Red Line Delivers a 'Sudden' Transformation for Indy

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This week, in the time it took to cut a ribbon, Indianapolis became a different city.

Before the scissors sliced those ceremonial bands, we were a city with a transit system that was inadequate to meet the needs of a public demanding more and more transportation options. Suddenly, we are a city on the path to a real 21st century transit system.

OK: “Suddenly” is not quite accurate. By opening the Red Line, this week’s celebrations and ribbon-cutting ceremony did officially launch a new transit era in Central Indiana, but the transformation was anything but sudden. It is, in fact, the result of changes in state law, more than a decade of meetings, planning, conversations and public input. It is the outcome of countless reviews of current conditions and industry best practices. It is the product of innovative leadership, unprecedented public engagement and a successful referendum to confirm that residents viewed transit as a priority.

And it was all worth it, because, with the Red Line, Central Indiana not only gets a transit artery that provides consistent and reliable service, it also gets a connection between people and jobs, businesses and customers, residents and services, and more.

Consider some of the benefits in numbers:

  • Employment connections: 2019 North American Industry Classification System data shows that the 13-mile route passes through an area with the highest density of jobs in the entire state of Indiana, running within a half-mile of 127,695 jobs.
  • Access for low-income households: American Community Survey (ACS) data from 2013-2017 reveal that 19% of households in the Red Line corridor live below the poverty level.
  • Access for households with no or one car: That same 2013-2017 ACS data show that 13% of the households in the corridor do not own a vehicle, and 41% have only one vehicle.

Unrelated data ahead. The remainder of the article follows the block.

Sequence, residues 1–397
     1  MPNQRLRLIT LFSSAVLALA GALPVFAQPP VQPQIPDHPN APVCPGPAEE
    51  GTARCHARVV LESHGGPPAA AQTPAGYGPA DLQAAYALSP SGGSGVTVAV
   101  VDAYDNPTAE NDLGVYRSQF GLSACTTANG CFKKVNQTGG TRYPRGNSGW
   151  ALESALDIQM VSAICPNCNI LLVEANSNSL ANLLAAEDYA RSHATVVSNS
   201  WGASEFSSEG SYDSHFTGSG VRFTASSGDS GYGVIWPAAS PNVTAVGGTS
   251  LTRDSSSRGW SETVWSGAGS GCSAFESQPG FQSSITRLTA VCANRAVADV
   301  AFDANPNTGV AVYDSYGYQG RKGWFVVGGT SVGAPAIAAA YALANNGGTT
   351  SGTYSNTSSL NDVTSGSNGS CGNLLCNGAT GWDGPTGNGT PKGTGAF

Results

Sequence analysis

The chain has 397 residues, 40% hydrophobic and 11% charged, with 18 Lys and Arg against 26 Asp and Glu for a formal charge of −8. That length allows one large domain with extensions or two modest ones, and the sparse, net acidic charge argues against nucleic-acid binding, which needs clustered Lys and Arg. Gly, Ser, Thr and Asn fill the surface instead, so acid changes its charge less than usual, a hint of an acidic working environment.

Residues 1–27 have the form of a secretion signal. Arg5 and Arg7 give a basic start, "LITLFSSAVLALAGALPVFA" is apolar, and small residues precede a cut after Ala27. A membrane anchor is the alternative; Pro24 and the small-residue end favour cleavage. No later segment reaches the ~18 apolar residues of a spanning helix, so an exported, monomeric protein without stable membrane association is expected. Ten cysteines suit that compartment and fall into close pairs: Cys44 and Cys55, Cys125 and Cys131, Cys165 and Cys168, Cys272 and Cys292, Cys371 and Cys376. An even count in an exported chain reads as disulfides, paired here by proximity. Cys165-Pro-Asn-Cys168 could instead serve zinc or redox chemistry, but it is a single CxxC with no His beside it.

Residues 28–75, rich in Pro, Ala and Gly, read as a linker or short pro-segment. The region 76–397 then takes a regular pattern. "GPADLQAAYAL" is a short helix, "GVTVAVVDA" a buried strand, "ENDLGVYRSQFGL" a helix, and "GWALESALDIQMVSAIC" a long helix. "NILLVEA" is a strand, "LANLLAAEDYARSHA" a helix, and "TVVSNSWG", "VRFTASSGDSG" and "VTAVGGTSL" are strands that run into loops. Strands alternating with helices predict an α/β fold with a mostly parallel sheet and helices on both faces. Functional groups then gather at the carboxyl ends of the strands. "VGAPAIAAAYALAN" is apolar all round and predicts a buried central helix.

• Access for those who don’t or can’t drive: At least 18% of households in the corridor include at least one person with a disability, according to 2013-2017 ACS data.
  • Access to groceries: The Red Line corridor connects some of Indy’s food deserts to grocery stores.
  • An education connector: The Red Line is adjacent to or a short walk from the region’s four largest post-secondary institutions – Butler University, Ivy Tech, IUPUI and UIndy – and a number of K-12 schools.
  • A cultural connector: The Red Line ties together some of the city’s hottest neighborhoods and cultural and tourism attractions.
  • A transit artery: The Red Line links to nearly every IndyGo bus route and serves the most heavily used transit corridor, which is between downtown and 38th Street.
  • Infrastructure improvements: Sidewalks, crosswalks, curbs and more have been added and enhanced in areas around the Red Line route.
  • Improved overall transit: At the same time it was building the Red Line, IndyGo was making improvements to its local bus services, streamlining routes and improving frequency and hours of service. These improvements will continue into 2020.

We can enjoy these benefits because, nearly a decade ago, an unlikely coalition of business, community and political leaders recognized that Indianapolis needed to rethink its transit, and they put in motion an effort that, this month, has delivered a new era to our doorsteps. The Indianapolis Metropolitan Planning Organization, Central Indiana Regional Transportation Authority (CIRTA) and IndyGo put in countless hours bringing their professional expertise to planning efforts. The process was not always smooth, and the final product changed as a result of public input, but the result does match the original overall vision: a refreshed and viable transit system for all residents of Indianapolis.

I want to highlight one additional benefit that this process has given us: a plan for ongoing improvement. In the years ahead, the Purple Line (connecting downtown Indianapolis to the City of Lawrence) and the Blue Line (running along Washington Street from Cumberland to the airport) will bring similar benefits to other areas of the metro area, and the city as a whole will have seen its transit service increase by 70 percent.

In other words, not only was Indianapolis’ transformation not sudden, it’s also not complete. Enjoy the benefits of the Red Line, and life in the new Indianapolis.

Anna Gremling is the executive director of the Indianapolis Metropolitan Planning Organization.

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